As a member of the admissions panel, I openly admit to you that I am utterly ashamed of the practice of my colleagues. I know that we have committed an act of positive discrimination in rejecting you. I know that what our university has done is dishonest, fraudulent, and morally wrong. I have seen it from the inside; how globally-renowned universities are slowly being beaten into conformity by the ideologically-driven Leviathan of institutional politics. I know, however, that there is little I can do about it. Much to my chagrin, what you see in the mainstream media is, to a large extent, far from untrue. 

A member of the Admissions Panel

The University Admissions Team

Dear Student,

Thank you for your application to this world-leading university. We are pleased to offer you a place to read for a degree at our institution. We look forward to welcoming you in September, and thought you might like to hear some feedback with respect to our deliberations, given a highly competitive field of applicants. If I may be honest, your application was not of the highest standard, and we did have to reject numerous applicants who were far stronger, academically, than yourself. We hope the subsequent feedback will place you in firm stead when you leave our university and apply for jobs in whatever field, even if you may not leave with a very strong degree. 

As I have mentioned, your application fell short in several areas. First, though you may have convinced some members of the academic panel of your skills in a few areas of the course, you will likely find that upon arrival at our university, you struggle considerably with other aspects of your degree. Second, and relatedly, the intense academic workload at our institution may, from my own judgement, not be kind to you, and could catalyse dissatisfaction on your part.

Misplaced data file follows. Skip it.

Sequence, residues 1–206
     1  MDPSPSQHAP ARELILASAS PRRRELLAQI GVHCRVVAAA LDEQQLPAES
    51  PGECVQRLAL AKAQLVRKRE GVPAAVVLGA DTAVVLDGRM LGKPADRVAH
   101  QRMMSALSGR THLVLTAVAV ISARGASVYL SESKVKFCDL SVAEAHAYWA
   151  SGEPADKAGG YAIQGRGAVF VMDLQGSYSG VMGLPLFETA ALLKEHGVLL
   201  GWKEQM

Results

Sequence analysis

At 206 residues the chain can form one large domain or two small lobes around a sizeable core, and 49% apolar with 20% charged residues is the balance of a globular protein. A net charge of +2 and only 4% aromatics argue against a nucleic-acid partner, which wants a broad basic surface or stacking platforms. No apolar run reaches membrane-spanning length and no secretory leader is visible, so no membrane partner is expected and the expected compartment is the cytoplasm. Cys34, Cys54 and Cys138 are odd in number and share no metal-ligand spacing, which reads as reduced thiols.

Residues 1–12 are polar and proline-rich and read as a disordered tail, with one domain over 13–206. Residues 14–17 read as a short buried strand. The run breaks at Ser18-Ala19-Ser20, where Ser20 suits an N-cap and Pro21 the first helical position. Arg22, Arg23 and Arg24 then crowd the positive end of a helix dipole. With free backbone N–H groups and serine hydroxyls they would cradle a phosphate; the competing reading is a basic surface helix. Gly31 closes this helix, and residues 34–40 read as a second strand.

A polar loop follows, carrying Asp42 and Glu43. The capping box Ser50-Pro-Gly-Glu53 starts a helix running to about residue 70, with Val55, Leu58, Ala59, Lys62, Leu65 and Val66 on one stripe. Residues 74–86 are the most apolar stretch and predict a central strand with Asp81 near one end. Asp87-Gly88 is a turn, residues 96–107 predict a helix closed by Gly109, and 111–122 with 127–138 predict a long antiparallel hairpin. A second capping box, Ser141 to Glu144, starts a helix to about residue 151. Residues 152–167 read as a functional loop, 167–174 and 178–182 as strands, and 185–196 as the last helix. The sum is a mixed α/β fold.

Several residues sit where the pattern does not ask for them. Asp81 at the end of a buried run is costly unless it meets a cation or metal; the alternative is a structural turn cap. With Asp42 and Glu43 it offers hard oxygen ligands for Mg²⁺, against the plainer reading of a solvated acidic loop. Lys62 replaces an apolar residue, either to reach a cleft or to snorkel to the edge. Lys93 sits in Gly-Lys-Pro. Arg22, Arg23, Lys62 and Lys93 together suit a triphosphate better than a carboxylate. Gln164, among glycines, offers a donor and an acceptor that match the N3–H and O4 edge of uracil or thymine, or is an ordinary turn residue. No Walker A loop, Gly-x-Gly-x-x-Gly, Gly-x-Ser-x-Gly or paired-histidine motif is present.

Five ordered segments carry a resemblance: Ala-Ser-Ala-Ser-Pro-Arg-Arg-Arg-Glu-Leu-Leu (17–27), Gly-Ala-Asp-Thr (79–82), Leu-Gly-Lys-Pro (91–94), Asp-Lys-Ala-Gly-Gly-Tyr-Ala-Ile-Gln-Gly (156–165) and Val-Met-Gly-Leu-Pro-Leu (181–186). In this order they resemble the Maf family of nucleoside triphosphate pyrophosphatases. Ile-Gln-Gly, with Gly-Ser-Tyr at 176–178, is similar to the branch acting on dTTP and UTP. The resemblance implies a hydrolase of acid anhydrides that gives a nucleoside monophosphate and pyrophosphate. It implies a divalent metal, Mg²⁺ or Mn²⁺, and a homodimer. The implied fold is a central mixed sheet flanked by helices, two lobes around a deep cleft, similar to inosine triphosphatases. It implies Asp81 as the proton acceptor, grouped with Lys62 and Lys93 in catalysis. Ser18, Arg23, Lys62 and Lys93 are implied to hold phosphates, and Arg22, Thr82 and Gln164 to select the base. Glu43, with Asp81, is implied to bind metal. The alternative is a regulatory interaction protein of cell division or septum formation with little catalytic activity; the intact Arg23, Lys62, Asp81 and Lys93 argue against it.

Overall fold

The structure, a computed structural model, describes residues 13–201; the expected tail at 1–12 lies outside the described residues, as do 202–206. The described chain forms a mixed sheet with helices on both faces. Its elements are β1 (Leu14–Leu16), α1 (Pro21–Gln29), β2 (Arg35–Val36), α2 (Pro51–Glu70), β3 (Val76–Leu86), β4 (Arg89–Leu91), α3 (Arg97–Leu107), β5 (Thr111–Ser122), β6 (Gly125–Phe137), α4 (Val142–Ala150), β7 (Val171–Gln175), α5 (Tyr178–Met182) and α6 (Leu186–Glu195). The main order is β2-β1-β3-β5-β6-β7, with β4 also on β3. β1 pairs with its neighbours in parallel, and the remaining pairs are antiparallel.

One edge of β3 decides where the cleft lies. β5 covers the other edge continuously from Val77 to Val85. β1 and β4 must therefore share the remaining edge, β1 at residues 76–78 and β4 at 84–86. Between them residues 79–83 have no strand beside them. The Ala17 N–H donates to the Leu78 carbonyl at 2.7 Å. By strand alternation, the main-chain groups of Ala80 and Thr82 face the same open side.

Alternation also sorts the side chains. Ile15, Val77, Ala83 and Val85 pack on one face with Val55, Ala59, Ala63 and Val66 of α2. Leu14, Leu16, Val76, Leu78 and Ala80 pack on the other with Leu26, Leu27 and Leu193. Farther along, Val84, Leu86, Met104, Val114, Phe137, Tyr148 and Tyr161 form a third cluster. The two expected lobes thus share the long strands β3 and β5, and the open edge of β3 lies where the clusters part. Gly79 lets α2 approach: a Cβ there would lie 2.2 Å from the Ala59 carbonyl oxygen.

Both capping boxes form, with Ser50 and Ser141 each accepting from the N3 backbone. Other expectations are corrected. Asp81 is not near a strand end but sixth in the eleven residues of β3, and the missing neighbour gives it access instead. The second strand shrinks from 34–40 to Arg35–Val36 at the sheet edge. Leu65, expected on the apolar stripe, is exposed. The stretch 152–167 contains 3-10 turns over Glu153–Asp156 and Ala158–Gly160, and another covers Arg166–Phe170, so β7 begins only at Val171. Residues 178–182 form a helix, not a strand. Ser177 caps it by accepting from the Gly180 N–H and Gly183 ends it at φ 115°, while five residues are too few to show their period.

You fulfilled some unwritten quotas, and ticked some boxes

Of course, it is far from unfair to suggest that not every university is suitable for every type of person. There is truth in the old axiom “horses for courses”. Yet, in the name of “equality and diversity” agendas ravaging across universities, we are pleased to let you know that you will be admitted to our university irrespective of your performance in your forthcoming school examinations. Everyone else to whom we have offered a place might face possible rejection, if results day in August does not turn out in the desired way. We have made a particular case for you: we hope you understand. You have needs, we have needs.

“Why me?” you may ponder. I hate to say it, but you fulfilled some unwritten quotas, and ticked some boxes. In an era when job applications pride themselves on asking personalised questions about one’s background, universities have not been immune to this trend. What is more, in a highly selfish act, some senior academics felt that by admitting you, they would feel good about themselves. 

In the future, they can say to their colleagues that it was they who were responsible for taking people from particular ethnic and socio-economic backgrounds; that they were the saviours of this movement. Questions of whether this university would be the optimal university for you were, unfortunately, ignored. You, in the abstract, also make us individually look good. Not least in the papers and on the BBC. You wouldn’t wish to be taught by bad-looking people.

“Isn’t that profoundly unacademic and highly selfish behaviour?”, you may think. The answer is a resounding “yes”. If, a year later, you feel you do not like our institution, you can leave and venture elsewhere. By that time, though, it will be too late for us to offer your place to someone whom we initially rejected. We hope you understand. 

As one of the members of the panel, I am being neither unjust nor seeking to dampen your future enjoyment of our university. In what I have said, I am being frank, which is more than can be said for some of my colleagues. I sincerely hope that you enjoy your experience here. In so doing, I have one crucial piece of advice for you. Not only must you hold yourself to high academic standards, but you must also ensure that the standards for you are not lowered. 

The ongoing diffusion of positive discrimination in academic institutions means that not all individuals are being held to the same academic standard, a pernicious logic that can have deleterious implications once a student’s time at university reaches its conclusion. 

A member of the Admissions Panel

The University Admissions Team